request swear suggest

One example of one of the above patterns can be found in the following song by KWS, in which we can hear the expression "I'm begging you to stay", which is another way of saying "Please, don't go". Enjoy!


Thursday, March 20, 2014

As, like, as if, as though

Let's compare these two sentences:
Helen works as a teacher in a local school.
Helen works like a dog all day.
The first sentence tells us that Mary is a teacher. The second one compares her to a dog, but she is not a dog! So, we use as to say what the job, function or role of a person is, whereas like is used for comparison.
As can also be used for comparison, but it must be followed by:
  • A clause (Subject+Verb): She makes the cakes as her mother used to make them.
  • A prepositional phrase: In London, as in New York, there is too much traffic.
Like is used for comparison but it's always followed by a noun or noun phrase, not by a clause. However, in colloquial English you can hear it in cases in which as should be used. Although not considered correct, it seems that this trend is getting more and more common these days, and might become the rule in the future. Who knows?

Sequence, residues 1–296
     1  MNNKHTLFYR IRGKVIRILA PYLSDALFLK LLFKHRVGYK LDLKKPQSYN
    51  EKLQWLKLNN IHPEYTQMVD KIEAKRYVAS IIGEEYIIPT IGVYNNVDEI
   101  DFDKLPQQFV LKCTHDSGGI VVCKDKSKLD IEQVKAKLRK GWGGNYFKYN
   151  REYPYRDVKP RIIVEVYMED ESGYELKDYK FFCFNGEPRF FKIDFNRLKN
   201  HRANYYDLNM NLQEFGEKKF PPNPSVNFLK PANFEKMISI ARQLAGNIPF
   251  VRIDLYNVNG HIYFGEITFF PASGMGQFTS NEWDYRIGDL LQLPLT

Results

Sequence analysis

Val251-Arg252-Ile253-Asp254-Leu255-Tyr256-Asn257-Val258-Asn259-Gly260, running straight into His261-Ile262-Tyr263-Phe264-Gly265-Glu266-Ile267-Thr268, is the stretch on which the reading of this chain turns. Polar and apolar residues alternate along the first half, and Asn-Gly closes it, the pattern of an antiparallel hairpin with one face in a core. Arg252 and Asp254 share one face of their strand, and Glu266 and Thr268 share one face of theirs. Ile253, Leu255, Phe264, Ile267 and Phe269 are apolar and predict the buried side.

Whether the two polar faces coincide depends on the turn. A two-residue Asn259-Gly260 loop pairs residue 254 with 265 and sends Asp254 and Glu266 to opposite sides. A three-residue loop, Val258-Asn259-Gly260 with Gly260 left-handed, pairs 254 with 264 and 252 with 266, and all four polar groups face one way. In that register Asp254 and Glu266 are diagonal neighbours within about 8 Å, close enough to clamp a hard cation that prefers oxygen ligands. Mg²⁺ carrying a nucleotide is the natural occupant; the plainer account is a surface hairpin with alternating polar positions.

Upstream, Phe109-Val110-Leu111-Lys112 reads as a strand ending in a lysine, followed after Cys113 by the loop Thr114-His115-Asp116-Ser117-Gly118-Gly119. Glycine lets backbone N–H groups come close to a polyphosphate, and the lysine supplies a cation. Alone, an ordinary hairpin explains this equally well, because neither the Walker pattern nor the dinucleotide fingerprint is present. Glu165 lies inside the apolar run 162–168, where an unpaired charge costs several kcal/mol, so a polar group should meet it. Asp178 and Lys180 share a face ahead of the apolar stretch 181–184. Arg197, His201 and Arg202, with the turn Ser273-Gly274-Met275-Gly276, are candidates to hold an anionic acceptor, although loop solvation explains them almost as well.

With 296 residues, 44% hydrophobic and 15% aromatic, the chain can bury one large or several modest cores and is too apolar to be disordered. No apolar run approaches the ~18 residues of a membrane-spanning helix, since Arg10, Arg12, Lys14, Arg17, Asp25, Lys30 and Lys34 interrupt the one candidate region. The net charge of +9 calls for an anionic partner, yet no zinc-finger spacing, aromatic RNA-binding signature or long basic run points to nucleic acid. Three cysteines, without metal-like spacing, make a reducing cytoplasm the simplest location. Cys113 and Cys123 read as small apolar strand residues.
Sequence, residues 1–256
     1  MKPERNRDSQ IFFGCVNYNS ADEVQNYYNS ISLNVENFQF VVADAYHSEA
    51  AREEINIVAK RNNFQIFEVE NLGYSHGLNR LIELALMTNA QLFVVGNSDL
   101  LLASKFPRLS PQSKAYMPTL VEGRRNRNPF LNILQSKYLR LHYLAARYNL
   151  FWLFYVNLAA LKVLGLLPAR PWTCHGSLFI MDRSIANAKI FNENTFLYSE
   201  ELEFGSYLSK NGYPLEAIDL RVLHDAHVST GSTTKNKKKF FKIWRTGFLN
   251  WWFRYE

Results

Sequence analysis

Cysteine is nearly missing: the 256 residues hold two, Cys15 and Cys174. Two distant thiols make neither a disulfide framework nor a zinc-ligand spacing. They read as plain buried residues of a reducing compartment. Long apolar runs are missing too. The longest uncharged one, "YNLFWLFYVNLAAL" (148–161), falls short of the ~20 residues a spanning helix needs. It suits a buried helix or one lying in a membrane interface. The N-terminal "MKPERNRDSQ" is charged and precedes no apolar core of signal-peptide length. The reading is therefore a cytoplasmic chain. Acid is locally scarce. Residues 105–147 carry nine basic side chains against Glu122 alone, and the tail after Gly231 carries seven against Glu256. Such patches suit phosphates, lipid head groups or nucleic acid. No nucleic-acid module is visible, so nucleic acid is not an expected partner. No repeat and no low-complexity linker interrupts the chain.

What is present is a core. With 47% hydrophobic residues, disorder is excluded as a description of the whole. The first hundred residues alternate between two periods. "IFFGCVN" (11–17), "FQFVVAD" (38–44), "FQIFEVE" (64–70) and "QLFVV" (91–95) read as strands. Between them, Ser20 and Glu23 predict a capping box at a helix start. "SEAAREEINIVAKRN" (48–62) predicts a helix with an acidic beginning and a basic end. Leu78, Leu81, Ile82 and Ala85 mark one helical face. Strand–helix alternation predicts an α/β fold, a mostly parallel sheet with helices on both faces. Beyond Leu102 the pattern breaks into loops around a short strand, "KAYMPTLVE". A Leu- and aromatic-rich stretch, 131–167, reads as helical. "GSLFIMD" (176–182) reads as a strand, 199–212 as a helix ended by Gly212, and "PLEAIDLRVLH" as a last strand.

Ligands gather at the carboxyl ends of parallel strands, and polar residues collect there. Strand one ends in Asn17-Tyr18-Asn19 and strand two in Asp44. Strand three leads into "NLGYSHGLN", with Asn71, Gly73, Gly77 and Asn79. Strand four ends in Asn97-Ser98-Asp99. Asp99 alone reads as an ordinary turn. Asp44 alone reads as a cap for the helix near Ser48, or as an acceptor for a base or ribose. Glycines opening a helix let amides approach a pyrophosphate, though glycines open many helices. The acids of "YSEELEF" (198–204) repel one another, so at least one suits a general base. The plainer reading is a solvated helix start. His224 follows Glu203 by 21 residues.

This usage of like is very common in songs, which use colloquial expressions and even slang. This song by RIO titled "Like I love you" is a good example.

As must be used after the expressions the same and such:
When I arrived at the party, another woman was wearing the same dress as me!
We can do many things to help the environment, such as recycling, saving energy and using public transport.

As is also used in expressions such as as expected, as requested, as you know, as we agreed, as suggested,... Again, like can be heard in some of these expressions, but bear in mind that it's colloquial English.
Finally, as is used in the comparative of equality, as we saw in a previous blog post. Let's remember some of the idioms we saw in this presentation:

With the verbs of the senses (look, feel, taste, smell and sound) we can use like and as if or as though. (The last two are the same). You only have to take into account that like is followed by a noun or noun phrase and as if, as though are followed by a clause.
  • Your brother looks like a rugby player. (noun phrase)
  • You look as if you haven't slept for ages! (clause: Subject + Verb)
  • You are so pale! You look as though you had seen a ghost! (clause: Subject + Verb).
When the verb in the clause is in the past, the comparison is unreal or improbable. In the last example above, it's clear that the person has not seen a ghost, it's just a comparison. However, in the second sentence (with a present tense verb) there's a strong probability that the person has not slept for a very long time. 

Please, note that the verbs of the senses can also be followed directly by an adjective:
These shoes feel comfortable.
What are you cooking? It smells delicious!
You look tired.
It sounds familiar to me.

It smells delicious!

And now, some exercises:
As or like?
As, like or as if / as though?